Turkish President Recep Tayyip Erdogan was afraid of one world leader and listened to another. He feared former US president Donald Trump because they were relatively the same: unpredictable, passionate about bargain, impulsive and utterly authoritarian. With Trump, Erdogan did not know exactly where he stood and whether he was serious in his threats to destroy the Turkish economy.
At the same time, there was no institutional brake because the former US president was not interested in what the State Department or the Pentagon were saying. He thought he knew everything and that he could handle Erdogan on his own.
In a strange way, this relationship was beneficial to Greece. Trump did not maintain any relations with the Greek diaspora, nor did he know where the Aegean or Cyprus were. The Greek Americans who were close to him did not care about these issues either. But there was a fear in Erdogan’s mind that if Trump reacted, for his own reasons, to an aggressive Turkish move in the Eastern Mediterranean, the price would be high.
There was one more thing: Because of the chaotic situation in the decision-making process, an experienced ambassador or even Mike Pompeo himself could take an initiative that would favor Greece, ignoring Turkey and the established “fetishes” of American diplomacy. The most characteristic change is that the US officials did not pay any attention to the “balance of the protocol” – that is, they did not even think that “it is not possible for Pompeo to travel to Greece and not pass through Turkey.”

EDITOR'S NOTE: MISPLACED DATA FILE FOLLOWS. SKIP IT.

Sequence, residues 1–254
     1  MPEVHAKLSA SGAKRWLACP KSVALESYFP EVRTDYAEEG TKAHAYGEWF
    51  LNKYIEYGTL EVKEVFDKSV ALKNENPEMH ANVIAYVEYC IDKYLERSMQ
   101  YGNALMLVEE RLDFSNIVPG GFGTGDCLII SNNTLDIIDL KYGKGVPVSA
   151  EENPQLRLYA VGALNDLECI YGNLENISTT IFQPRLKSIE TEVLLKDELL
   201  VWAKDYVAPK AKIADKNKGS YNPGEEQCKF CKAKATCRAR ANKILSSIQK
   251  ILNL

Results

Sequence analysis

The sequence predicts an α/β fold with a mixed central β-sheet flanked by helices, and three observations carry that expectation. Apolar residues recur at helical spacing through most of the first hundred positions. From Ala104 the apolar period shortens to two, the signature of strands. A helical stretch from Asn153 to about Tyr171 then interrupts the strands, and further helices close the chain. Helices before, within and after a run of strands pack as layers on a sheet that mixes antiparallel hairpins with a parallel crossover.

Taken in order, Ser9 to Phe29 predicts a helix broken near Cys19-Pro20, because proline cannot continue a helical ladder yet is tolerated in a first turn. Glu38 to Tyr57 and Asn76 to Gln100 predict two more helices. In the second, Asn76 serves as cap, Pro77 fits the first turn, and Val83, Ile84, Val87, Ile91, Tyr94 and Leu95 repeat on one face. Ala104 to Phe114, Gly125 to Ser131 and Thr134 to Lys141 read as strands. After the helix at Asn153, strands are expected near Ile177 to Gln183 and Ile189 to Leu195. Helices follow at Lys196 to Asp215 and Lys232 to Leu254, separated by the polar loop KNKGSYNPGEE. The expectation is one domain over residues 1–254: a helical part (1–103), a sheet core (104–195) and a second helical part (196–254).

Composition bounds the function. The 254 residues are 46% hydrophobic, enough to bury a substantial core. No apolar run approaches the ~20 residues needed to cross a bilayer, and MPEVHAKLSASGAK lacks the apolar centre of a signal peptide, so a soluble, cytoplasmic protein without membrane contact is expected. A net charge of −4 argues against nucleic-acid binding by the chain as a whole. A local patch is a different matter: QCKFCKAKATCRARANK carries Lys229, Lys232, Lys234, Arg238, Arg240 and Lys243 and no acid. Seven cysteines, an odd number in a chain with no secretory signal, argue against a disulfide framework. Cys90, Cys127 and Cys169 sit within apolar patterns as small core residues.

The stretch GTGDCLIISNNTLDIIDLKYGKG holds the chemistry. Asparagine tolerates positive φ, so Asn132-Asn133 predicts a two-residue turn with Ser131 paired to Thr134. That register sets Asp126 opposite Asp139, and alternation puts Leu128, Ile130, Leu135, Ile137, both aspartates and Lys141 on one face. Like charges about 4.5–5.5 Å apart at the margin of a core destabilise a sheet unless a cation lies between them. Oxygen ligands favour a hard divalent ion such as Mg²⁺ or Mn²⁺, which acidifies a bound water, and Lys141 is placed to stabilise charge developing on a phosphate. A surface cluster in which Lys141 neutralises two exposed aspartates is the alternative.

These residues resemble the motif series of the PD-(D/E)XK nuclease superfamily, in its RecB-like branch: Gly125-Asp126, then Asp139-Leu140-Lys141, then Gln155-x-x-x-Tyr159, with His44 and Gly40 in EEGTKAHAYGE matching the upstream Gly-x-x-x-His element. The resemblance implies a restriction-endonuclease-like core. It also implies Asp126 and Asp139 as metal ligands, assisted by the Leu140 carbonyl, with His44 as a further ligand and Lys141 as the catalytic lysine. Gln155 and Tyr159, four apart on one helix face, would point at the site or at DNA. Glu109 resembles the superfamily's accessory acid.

Now we are back to the good old autopilot. The balances between the two countries are faithfully observed. The classic bureaucrats react strongly when it comes to discussing the idea of extending the US military presence in Greece to regions that may vex Ankara. And behind the scenes, Americans are urging their traditional allies to find a modus vivendi with Erdogan. In other words, the old reflexes are back. At a time when there are general doubts about whether the US is really interested in the Eastern Mediterranean, it is natural for Ankara to draw its own conclusions.
Erdogan was afraid of Trump (as well as Putin, of course) and listened to German Chancellor Angela Merkel. Now he is not particularly afraid of anyone and will not have a stable interlocutor – or confessor – in Europe. This is something that may affect us the next time politics heat up in the region.